Photoelectric effect example problem  [ENDORSED]

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Stephanie tran 1J
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Joined: Fri Sep 29, 2017 7:04 am

Photoelectric effect example problem

Postby Stephanie tran 1J » Thu Oct 12, 2017 4:41 pm

How do you solve a problem where the given information includes that an electron is ejected from a metal due to the photoelectric effect with a velocity in km per second and the work function is given, but you're supposed to calculate the wavelength of the photon absorbed.

Brandon Fujii 1K
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Joined: Fri Sep 29, 2017 7:04 am

Re: Photoelectric effect example problem  [ENDORSED]

Postby Brandon Fujii 1K » Thu Oct 12, 2017 5:08 pm

Note the Photoelectric Effect equation: E(Photon) - Work Function = E(Kinetic).
E(Kinetic) = 1/2 (me-ve-2)

The equation for E(Photon)= hv (Plank's Constant * Frequency)
We know that the equation for the speed of light is: C= Wavelength * Frequency.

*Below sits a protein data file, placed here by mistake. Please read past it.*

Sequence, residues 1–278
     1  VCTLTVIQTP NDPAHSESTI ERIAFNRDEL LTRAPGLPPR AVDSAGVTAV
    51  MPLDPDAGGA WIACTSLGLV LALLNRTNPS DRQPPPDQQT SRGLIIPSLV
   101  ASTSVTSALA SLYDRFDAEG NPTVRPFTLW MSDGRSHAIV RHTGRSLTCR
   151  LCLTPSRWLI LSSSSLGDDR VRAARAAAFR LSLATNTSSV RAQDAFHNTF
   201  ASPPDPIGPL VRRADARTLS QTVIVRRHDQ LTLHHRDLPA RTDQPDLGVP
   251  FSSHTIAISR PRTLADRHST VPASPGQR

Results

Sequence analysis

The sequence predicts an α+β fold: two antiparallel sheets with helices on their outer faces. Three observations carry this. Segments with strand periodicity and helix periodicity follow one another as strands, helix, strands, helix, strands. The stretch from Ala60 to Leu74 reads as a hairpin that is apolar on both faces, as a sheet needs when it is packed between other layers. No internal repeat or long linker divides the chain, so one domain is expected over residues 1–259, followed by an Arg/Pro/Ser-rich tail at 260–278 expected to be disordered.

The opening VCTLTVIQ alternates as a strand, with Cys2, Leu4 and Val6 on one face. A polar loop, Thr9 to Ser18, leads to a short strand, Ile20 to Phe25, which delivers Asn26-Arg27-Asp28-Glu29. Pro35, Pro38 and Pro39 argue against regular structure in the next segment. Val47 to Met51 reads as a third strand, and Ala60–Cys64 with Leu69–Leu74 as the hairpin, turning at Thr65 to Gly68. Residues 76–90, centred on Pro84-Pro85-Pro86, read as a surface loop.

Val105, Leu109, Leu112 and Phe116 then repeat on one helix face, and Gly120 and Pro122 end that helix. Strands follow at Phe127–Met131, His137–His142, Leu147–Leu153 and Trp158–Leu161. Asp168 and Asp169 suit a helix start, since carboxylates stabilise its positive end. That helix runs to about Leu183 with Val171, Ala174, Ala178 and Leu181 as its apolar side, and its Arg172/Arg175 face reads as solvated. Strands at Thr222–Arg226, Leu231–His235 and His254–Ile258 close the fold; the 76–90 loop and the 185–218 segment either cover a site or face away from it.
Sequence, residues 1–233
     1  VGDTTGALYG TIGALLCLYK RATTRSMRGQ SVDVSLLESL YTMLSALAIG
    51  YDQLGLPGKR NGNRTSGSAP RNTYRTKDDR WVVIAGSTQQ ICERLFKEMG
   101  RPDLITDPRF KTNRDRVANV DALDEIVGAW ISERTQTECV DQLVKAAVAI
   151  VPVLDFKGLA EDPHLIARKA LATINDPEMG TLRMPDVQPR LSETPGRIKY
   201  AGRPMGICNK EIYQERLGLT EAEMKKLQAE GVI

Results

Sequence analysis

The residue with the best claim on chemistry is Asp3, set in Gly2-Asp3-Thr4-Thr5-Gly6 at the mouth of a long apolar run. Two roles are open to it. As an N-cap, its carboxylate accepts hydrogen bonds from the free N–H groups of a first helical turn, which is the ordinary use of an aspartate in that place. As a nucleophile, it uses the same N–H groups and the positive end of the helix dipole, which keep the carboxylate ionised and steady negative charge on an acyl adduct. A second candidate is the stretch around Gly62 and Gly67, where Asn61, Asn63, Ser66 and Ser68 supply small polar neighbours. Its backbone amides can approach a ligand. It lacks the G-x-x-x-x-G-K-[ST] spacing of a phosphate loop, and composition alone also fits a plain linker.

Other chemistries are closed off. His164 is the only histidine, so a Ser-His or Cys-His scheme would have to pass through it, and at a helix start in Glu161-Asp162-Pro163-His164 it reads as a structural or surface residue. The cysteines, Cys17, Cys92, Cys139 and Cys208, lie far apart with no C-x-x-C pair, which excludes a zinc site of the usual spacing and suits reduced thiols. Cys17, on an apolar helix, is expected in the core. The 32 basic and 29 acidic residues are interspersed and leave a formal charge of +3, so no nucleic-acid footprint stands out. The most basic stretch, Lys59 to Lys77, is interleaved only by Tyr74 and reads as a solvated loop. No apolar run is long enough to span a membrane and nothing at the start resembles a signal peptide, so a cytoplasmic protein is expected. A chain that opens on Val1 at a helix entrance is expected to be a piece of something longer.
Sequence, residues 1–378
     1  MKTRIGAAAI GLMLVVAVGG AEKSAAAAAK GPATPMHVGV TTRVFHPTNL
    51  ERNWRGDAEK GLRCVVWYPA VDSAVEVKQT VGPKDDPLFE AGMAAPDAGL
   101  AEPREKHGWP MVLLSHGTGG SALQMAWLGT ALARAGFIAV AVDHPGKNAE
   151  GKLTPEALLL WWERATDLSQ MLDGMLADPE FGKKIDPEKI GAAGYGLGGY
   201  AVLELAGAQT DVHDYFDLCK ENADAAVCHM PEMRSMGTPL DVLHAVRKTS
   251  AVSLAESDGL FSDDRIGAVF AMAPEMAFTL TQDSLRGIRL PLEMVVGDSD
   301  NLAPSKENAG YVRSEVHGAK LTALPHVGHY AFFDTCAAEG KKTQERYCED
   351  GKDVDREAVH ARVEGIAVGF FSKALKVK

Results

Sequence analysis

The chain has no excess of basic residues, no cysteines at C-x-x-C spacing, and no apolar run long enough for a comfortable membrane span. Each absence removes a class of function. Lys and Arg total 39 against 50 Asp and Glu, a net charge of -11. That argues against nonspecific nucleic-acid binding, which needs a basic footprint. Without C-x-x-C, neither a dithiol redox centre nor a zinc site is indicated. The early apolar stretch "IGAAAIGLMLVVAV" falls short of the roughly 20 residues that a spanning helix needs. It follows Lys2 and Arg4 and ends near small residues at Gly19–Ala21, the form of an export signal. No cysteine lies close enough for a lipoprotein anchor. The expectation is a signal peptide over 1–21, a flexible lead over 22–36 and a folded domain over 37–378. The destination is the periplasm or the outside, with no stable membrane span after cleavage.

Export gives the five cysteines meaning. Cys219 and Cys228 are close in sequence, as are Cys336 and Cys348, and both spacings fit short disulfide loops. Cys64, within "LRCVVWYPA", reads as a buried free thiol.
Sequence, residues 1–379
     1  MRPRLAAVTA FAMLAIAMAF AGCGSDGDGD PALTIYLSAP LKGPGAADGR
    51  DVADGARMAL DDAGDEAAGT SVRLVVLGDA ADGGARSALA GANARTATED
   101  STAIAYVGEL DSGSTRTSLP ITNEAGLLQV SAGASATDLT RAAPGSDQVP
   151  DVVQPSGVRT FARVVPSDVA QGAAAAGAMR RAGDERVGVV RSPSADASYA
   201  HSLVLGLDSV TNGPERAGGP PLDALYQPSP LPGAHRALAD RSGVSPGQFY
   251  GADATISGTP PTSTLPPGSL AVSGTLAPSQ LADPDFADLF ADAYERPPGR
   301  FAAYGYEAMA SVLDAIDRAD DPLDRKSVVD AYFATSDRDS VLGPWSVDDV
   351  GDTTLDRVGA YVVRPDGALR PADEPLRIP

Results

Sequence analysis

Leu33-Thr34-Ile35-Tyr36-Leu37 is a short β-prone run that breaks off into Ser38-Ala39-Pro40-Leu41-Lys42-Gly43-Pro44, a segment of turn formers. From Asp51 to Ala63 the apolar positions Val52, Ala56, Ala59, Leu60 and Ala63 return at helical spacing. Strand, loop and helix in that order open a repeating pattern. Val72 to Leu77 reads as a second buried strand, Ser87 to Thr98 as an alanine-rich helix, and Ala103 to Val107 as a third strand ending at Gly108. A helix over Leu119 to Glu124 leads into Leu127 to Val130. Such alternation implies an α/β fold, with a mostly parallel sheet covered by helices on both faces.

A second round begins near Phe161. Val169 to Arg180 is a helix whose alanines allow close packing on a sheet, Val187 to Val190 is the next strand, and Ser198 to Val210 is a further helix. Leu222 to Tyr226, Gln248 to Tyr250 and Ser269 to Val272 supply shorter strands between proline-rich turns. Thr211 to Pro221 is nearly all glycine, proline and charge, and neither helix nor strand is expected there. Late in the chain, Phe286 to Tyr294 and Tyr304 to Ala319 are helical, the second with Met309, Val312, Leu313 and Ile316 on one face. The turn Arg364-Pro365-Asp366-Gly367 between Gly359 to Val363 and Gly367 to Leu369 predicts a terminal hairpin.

Therefore, Frequency = C/Wavelength

If we substitute C/Wavelength for our Frequency we would get the following equation:

h(C/wavelength) - Work Function = 1/2 (me-ve-2)

Thus: h(C/Wavelength) = [1/2 (me-ve-2)]+Work Function

Wavelength= (hC)/[(1/2 (me-ve-2)+Work Function]

*Make sure that your velocity of the electron is in meters/sec*

jillian1k
Posts: 54
Joined: Sat Jul 22, 2017 3:00 am

Re: Photoelectric effect example problem

Postby jillian1k » Thu Oct 12, 2017 5:16 pm

You would use the equation E(photon)-E(energy to remove e-)=E(excess), where E(photon)=hv, E(energy to remove e-) is also known as work function, and E(excess)=Ek=(1/2m)(v^2).
1.) Calculate Ek=(1/2m)(v^2) using the velocity(v) of e- given in the problem and the constant mass of an e- (9.109 383 × 10−31 kg), which will be given to you either in the problem or on the formula/constants sheet provided at every test.
2.) Now that you know the other two of the three variables in the equation for E(photon), calculate the E(photon).
3.) Using the number you got for E(photon), you can now calculate wavelength. This can be done in 2 ways. Either use the formula E=hv to get v and then plug that number into the equation for wavelength (λ=c/v). Or you can save a step and combine these two formulas into one (E=hc/λ) and solve for λ.
Note: c and h are constants and λ should be in m or nm.

Hope this helps!


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